LISTEN: Photographer Describes Capturing “Vanishing Points” In Appalachia

May 4, 2015

Remnants of former prehistoric societies exist throughout Appalachia. One photographer is trying to capture glimpses of those ancient times in a series he has dubbed “Vanishing Points.”

Michael Sherwin is an associate professor of photography at West Virginia University. When he moved to Morgantown with his family several years ago there were protests happening around the development of what is now the Suncrest Town Center. West Virginia University sold an ancient indigenous burial site to developers. Sherwin entered the scene after a super-Kroger was built.

Wista 45 SP. “With this process, you shoot film. You never really know what you’re going to get,” Sherwin said. “I enjoy that anticipation.”
Credit Barend Jan de Jong

Sherwin says historical landscapes have always fascinated him. He shoots with a large format camera like the one Ansel Adams used. He says there’s a mystery to the process that he enjoys - a break from a world of immediate gratification. 

So he hauled his camera to an overlook of the growing shopping center on the edge of Morgantown, composed the shot, and then processed the negative.

It was the beginning of what has become a series Sherwin named “Vanishing Points.”

Suncrest Town Center, Morgantown, W.Va. “It was less than a mile from our house,” Sherwin said, “and I was shopping there. I was kind of torn by this kind of dual-identity of this landscape. And so one evening I decided I wanted to photograph it.”
Credit Michael Sherwin

Sherwin began to research what ancient remnants of lost civilizations in the region still exist, then seek them out to photograph them. Images in the resulting series usually incorporate some strangely banal detail of modern society that coexists with some former society’s faded mark on the landscape.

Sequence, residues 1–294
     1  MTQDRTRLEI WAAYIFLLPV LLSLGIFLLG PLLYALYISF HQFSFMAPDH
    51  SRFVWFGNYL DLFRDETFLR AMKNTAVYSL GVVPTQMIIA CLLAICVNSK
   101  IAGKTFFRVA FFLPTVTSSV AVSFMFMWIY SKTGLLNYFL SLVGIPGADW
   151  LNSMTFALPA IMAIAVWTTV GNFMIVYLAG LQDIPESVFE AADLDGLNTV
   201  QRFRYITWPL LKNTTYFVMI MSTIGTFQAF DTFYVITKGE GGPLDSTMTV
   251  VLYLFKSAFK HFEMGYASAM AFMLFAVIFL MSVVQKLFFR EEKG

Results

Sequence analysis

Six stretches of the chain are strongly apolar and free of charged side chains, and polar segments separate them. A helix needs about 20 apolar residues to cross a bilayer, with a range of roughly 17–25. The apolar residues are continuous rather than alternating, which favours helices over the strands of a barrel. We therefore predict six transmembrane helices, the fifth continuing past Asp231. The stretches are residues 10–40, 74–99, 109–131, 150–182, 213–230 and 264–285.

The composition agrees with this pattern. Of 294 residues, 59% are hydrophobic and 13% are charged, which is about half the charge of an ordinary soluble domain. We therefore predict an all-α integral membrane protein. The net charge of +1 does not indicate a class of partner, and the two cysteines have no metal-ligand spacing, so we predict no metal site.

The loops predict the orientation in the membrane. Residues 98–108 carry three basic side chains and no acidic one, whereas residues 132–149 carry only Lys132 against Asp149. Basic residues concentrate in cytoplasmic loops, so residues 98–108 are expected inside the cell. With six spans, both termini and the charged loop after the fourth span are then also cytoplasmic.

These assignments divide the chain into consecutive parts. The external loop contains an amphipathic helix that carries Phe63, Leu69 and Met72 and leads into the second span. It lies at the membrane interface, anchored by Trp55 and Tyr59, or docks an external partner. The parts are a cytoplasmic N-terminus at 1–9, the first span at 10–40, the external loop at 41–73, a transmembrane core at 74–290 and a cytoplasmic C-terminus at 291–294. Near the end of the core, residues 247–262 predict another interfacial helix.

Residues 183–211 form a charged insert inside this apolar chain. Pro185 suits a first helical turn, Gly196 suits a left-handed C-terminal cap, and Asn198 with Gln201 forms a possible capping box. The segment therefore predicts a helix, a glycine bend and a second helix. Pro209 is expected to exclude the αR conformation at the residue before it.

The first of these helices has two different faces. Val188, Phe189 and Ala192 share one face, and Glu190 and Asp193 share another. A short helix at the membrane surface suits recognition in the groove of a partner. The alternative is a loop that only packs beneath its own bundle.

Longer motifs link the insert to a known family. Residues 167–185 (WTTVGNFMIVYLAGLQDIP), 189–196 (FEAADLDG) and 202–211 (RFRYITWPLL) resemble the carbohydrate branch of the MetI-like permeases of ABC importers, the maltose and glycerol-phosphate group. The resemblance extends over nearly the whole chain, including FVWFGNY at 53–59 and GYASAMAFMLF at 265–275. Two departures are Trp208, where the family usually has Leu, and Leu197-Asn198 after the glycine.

Road Ends, Green Bottom Wildlife Management Area, W.Va.
Credit Michael Sherwin

Then, some of Sherwin’s images show no obvious trace of former society at all.

Grave Creek View, Moundsville, W.Va.
Credit Michael Sherwin

Sherwin’s series includes some 60 images. He says it’s an ongoing project but that he’s at a point where putting a large show together would be possible. It’s something he hopes to achieve in coming years in this region. One of the benefits of shooting with large format camera is the incredible detail that is captured, he explains, so the actual prints would be really big (three or four feet tall).

Deer Blind, Bass Island Park, Newtown, OH
Credit Michael Sherwin

Zaleski Methodist Church Mound, Zaleski, OH
Credit Michael Sherwin

Factory, Ohio River, Marshall County, W.Va.
Credit Michael Sherwin

Mural, Point Pleasant Riverfront Park, W.Va.
Credit Michael Sherwin

His project was made possible in part with grants from the Colonel Eugene E. Myers Foundation, the West Virginia Division of Culture and History, the National Endowment for the Arts, and with approval from the West Virginia Commission on the Arts.